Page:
I’m continuing with my ode to cookbook authors this week. I had completely forgotten that the local library is a treasure trove of cookbooks – free to read! So I came home with an armful and set to work finding new dinner recipes. One of the books was Ina Garten’s ‘cooking for Jeffrey.’ Years ago, probably around the same time I started watching Nigella, I discovered the Barefoot Contessa. Just like Nigella, she cooked simple yet delicious food and she was just so darn cute. In amongst some great dinner ideas, I found her recipe for challah. I’d read about challah before but it’s not something you find in everyday NZ life. (If you’re not familiar with challah, I liken it to brioche. It’s a special Jewish bread that is usually eaten on special occasions and most major Jewish holidays.)
I’ve not had a lot of luck with dough before but this was a dream to make. The dough is silky, yet robust so there’s no chance of it tearing. If the braiding is putting you off, don’t let it! I can’t plait my daughters hair but I could do this.
1c warm water
3 teaspoons active dry yeast
3 eggs, at room temperature (Ina recommends extra large, I used size 7)
1 egg yolk, at room temperature
1 tablespoon salt
115g butter, cut into small cubes, at room temperature
vegetable oil (I used rice bran)
1 egg beaten with 1 tablespoon water, for the egg wash
Warm the bowl of a stand mixer fitted with the dough hook by rinsing it with hot water.
Pour the warm water (about 45°C) into the bowl and stir in the yeast and sugar. Leave to sit for about 5 minutes, until the mixture begins to froth.
Add the eggs and egg yolk and mix on low speed.
With the mixer on low, gradually add 4½ cups of the flour, scraping down the side of the bowl as necessary.
With the mixer still running on low, add the salt and butter, then slowly add between 1 and 1½ more cups of flour, mixing on low for 5 minutes. You don’t want the dough to stick to the bowl so keep adding a dusting of flour if necessary. I needed to add exactly 1 cup of flour.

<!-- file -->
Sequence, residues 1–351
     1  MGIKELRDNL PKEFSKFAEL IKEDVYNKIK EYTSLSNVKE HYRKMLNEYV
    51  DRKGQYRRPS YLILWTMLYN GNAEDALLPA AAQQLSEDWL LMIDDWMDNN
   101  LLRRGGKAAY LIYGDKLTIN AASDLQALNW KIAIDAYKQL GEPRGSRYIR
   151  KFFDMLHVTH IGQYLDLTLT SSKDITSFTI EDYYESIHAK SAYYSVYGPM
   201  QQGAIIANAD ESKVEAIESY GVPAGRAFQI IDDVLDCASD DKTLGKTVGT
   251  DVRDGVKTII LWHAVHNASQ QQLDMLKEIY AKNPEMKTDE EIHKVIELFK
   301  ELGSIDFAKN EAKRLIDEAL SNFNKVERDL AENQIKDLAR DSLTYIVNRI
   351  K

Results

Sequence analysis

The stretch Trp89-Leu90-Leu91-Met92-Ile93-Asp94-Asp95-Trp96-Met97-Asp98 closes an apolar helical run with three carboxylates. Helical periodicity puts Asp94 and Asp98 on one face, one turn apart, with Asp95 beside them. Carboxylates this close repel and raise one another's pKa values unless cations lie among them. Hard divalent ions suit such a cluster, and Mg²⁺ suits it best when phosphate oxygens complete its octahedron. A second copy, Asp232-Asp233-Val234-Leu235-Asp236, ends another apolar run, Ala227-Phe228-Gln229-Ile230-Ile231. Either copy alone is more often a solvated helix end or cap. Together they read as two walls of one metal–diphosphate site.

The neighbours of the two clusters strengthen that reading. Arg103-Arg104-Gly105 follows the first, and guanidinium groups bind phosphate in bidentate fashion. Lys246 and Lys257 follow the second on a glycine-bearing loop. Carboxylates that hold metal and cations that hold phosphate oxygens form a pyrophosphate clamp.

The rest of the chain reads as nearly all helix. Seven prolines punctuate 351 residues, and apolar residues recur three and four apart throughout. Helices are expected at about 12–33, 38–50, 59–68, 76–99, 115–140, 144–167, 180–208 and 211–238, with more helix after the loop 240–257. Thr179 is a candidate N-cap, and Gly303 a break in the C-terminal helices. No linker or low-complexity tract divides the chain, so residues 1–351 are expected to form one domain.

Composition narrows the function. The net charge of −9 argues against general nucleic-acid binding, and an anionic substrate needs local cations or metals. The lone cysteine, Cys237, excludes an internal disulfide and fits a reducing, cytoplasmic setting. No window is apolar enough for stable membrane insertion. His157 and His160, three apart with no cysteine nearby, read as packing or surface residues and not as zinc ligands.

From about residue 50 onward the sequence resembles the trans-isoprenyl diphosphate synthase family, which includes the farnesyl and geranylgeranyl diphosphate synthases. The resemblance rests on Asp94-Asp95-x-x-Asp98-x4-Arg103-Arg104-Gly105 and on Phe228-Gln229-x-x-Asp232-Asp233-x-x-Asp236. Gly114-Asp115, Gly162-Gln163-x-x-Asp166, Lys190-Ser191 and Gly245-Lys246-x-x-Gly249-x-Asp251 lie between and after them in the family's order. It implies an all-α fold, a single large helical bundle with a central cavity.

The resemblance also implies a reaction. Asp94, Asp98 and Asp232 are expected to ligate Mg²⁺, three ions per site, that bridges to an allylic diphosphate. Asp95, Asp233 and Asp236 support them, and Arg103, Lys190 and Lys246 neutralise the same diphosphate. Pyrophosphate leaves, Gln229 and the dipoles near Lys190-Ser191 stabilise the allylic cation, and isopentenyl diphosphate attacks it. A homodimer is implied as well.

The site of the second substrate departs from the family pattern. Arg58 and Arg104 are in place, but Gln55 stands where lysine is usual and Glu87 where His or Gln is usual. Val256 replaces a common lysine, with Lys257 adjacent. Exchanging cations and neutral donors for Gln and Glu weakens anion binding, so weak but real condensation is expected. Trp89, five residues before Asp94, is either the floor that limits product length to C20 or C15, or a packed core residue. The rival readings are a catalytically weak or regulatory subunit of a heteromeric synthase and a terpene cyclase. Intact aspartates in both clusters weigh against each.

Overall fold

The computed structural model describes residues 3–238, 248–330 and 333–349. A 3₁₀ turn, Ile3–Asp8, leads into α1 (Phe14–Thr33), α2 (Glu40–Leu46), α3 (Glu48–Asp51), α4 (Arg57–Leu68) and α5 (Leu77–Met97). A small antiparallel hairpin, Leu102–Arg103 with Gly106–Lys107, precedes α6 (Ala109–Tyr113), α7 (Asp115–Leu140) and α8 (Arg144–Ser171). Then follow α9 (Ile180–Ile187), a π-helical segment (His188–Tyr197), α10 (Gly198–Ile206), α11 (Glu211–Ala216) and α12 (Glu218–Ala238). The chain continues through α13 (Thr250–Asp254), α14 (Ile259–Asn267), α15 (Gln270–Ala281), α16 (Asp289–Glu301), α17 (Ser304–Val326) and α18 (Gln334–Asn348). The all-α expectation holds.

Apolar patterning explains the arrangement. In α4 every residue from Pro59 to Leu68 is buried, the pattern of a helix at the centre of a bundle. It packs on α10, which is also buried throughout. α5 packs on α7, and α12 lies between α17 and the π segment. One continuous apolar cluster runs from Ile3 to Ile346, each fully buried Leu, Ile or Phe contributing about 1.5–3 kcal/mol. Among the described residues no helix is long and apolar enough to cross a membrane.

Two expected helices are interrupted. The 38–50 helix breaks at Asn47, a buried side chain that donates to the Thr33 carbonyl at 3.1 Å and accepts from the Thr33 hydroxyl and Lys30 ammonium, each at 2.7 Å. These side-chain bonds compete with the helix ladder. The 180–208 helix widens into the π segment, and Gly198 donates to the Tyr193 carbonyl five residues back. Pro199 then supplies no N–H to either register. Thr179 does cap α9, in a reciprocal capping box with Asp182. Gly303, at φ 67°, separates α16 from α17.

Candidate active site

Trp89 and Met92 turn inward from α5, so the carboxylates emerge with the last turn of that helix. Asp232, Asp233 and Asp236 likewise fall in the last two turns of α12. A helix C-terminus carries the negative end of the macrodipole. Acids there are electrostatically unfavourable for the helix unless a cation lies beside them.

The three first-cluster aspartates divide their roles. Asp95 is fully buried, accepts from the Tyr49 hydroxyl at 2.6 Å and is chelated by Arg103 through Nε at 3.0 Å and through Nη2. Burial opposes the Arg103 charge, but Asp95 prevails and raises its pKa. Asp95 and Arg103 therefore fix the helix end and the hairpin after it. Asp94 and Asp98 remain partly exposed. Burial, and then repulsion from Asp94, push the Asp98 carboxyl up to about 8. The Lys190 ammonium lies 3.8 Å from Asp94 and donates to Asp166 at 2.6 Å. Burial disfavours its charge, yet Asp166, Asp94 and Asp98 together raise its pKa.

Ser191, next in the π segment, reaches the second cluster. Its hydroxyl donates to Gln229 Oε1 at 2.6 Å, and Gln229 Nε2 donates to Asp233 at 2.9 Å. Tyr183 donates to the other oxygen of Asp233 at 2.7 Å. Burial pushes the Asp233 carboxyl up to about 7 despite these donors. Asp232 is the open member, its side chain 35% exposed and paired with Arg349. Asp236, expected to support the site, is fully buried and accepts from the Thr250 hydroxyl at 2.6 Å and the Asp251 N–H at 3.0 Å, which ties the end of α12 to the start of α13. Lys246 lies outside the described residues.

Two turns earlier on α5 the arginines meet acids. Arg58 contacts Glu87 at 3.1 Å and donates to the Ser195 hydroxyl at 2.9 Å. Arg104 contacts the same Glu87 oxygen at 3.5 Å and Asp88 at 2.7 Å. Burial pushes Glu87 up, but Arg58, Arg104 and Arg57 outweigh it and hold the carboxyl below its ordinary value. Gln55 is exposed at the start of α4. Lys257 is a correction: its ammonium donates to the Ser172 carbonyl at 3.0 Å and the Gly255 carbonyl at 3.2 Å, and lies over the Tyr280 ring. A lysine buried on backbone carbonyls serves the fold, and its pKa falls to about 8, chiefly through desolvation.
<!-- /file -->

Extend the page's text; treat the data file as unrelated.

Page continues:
Turn the dough out onto a floured board or bench top and knead for 2 minutes. (Not 1½ minutes, 2 minutes!)
Roll the dough into a ball with the smooth side up. Brush a large bowl with the vegetable oil and roll the dough around so it’s covered in oil (this will prevent a crust forming.) Turn it smooth side up then cover the bowl with a clean, dry tea towel and allow it to rise in a warm place for about 2 hours, until doubled in size.
Punch the dough down lightly and turn it out onto an unfloured board or bench top. Cut the dough into 4 equal pieces.
Line a baking tray with baking paper.
Turn the first ball of dough smooth side up and roll it into a cylinder 17″ long. Place it seam side down on the baking tray, then repeat with the other 3 balls of dough, laying them side by side on the baking tray.
To braid the dough, pile one end of the ropes on top of each other and pinch them together and under. With the pinched end away from you, take the far right rope and move it left over two ropes. Then take the far left rope and move it right over two ropes. Continue until you’ve braided the entire bread, then pinch the ends together and fold them under. Try to braid it tightly so it doesn’t open too much when it’s baking.
Cover the bread with a clean tea towel and sit it in a warm place for around 45 minutes, until it has doubled in size.
Heat the oven to 180°C and place an oven rack in the lower third of the oven.
Brush the bread thoroughly with the egg wash and bake for 35-40 minutes, until the outside is browned and it sounds hollow when you tap the bottom.
Cool the challah on a baking rack. Serve warm, with lashings of butter. Wrap leftovers in Gladwrap and store in the fridge.
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